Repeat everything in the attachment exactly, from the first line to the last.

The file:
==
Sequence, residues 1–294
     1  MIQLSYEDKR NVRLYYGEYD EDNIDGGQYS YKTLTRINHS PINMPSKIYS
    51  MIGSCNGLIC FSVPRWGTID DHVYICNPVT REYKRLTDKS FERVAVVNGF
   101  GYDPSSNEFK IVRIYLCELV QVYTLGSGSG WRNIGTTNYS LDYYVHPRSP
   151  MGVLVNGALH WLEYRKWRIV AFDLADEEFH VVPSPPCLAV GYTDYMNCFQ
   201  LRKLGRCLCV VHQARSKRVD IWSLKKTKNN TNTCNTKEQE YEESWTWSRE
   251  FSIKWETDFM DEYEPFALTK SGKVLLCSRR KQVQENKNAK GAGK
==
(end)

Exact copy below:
Sequence, residues 1–294
     1  MIQLSYEDKR NVRLYYGEYD EDNIDGGQYS YKTLTRINHS PINMPSKIYS
    51  MIGSCNGLIC FSVPRWGTID DHVYICNPVT REYKRLTDKS FERVAVVNGF
   101  GYDPSSNEFK IVRIYLCELV QVYTLGSGSG WRNIGTTNYS LDYYVHPRSP
   151  MGVLVNGALH WLEYRKWRIV AFDLADEEFH VVPSPPCLAV GYTDYMNCFQ
   201  LRKLGRCLCV VHQARSKRVD IWSLKKTKNN TNTCNTKEQE YEESWTWSRE
   251  FSIKWETDFM DEYEPFALTK SGKVLLCSRR KQVQENKNAK GAGK